As if she didn’t want the TV set to get any ideas…

Word count: 340 words

Reading time: Just over 1 minute

I like to share interesting pieces of figurative language I encounter in my reading. Today’s comes from the late Roger Ebert.

Even when I was an entertainment editor for about five years, I managed to do the job without owning a TV. (Shhh, don’t tell my boss.) As a result, I missed the late 1970s launch of Sneak Previews (originally called Opening Soon), the movie review program starring Roger Ebert and Gene Siskel. But of course I knew who those guys were — they were the ones who made a big deal about how many thumbs they were holding up.

What I didn’t realize at the time was that Roger Ebert was a great writer. I didn’t agree with his movie reviews (too lenient, I thought) but I learned more about him after he was diagnosed with thyroid and salivary gland cancer in 2002 and faced a multitude of surgeries. The first post-surgery pictures I saw of him in 2007 were shocking: the chubby high school nerd I’d remembered had been transformed into an elfin gnome.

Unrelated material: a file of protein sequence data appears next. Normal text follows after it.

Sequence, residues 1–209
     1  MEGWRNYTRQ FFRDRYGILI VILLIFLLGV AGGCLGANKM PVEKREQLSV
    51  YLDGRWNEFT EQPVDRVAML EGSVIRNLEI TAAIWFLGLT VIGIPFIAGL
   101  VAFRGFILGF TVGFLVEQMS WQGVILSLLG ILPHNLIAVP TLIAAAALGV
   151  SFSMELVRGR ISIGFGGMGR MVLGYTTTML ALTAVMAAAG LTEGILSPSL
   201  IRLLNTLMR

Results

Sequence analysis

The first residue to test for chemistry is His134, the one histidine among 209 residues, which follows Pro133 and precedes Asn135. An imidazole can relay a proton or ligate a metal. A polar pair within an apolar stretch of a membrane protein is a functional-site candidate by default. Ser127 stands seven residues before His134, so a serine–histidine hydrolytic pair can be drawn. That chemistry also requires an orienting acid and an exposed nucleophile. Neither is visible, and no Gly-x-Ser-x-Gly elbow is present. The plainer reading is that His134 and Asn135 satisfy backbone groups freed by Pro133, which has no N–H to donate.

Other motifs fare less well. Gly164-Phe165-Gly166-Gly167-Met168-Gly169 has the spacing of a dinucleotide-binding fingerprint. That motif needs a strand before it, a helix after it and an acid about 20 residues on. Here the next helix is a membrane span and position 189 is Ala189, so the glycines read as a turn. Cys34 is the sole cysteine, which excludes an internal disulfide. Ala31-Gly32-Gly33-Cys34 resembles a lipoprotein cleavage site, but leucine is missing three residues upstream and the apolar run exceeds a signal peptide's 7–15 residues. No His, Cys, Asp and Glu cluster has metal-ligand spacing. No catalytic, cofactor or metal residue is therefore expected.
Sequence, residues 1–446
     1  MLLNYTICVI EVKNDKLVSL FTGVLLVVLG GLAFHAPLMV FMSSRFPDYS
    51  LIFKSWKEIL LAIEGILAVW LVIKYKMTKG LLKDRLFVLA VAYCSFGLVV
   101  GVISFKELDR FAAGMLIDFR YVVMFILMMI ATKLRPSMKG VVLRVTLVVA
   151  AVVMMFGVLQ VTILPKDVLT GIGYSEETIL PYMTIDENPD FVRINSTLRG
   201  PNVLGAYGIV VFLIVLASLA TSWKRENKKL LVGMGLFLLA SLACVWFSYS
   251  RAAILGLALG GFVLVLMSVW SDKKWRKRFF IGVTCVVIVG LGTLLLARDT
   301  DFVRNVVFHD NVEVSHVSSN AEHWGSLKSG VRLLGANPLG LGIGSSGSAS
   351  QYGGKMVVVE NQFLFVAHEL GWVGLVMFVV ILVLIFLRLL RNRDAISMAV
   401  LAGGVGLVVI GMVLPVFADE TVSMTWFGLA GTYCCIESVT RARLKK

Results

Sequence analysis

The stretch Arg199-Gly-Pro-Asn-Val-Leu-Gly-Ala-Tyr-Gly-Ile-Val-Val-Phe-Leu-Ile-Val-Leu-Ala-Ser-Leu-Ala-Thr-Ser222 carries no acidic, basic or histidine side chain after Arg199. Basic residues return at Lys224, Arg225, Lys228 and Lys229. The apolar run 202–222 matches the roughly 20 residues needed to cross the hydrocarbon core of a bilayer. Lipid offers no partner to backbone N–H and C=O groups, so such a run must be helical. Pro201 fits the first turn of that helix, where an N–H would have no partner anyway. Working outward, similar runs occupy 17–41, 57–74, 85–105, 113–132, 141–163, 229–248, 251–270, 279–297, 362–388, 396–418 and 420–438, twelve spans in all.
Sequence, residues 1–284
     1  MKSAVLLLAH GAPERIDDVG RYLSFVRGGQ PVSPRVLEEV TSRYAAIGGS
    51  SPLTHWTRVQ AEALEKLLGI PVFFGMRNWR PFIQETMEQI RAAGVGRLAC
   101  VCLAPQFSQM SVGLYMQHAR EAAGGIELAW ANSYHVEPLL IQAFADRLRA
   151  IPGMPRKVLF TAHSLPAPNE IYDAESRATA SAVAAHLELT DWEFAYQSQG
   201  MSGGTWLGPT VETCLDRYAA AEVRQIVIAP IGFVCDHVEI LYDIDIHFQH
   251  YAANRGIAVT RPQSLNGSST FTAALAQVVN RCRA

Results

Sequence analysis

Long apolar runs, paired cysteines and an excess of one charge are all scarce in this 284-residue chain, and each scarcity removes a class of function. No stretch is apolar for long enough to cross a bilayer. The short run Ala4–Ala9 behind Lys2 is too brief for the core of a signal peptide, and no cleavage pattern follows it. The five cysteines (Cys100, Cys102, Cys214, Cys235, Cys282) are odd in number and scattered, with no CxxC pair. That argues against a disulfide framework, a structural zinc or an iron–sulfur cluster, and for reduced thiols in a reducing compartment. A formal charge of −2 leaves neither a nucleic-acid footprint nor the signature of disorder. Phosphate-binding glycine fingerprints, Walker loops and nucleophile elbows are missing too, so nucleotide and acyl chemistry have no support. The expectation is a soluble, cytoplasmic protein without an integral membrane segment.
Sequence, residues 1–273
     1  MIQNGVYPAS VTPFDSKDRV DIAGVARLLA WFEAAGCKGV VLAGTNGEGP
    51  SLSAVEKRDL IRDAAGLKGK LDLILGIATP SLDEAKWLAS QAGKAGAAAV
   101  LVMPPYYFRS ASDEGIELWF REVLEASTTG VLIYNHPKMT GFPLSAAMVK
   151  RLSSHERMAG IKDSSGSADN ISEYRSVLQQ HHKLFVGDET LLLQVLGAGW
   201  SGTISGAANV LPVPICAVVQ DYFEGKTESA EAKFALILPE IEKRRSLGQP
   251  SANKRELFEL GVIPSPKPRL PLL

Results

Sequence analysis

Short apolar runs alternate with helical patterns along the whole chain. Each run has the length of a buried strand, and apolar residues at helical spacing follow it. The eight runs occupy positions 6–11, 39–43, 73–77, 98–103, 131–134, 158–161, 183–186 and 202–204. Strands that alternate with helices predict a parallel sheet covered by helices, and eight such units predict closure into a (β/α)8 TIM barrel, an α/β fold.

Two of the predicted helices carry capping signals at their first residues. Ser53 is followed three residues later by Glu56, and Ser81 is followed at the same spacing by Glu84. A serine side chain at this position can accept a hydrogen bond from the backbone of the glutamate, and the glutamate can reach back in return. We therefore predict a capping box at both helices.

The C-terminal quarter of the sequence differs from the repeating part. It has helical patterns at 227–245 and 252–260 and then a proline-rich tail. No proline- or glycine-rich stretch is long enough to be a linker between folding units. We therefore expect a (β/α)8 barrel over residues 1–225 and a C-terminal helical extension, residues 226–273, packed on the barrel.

Sadly, his illness also robbed him of his voice. Is there a worse fate that could befall a TV show host? Well, death, I guess. And Ebert realized that and harnessed technology to help him. He also launched a blog, and from that I pull this week’s tribute to figurative language. It stems from his memory of his mother’s relationship to TV. The machine had to be stored in the basement, she directed, and if summoned to watch something by her husband or son, here is how she reacted:

When she came down [to the basement], she usually remained standing, as if she didn’t want the TV set to get any ideas.

I love the way this metaphor captures the attitude of a certain type of 1940s housewife: resolute, confident of her own authority and determined not to be bested by technology. The personification of the TV set is a jaunty fillip.

I suggest you spend a happy hour trolling through Ebert’s blog.

Roger Ebert, RIP.

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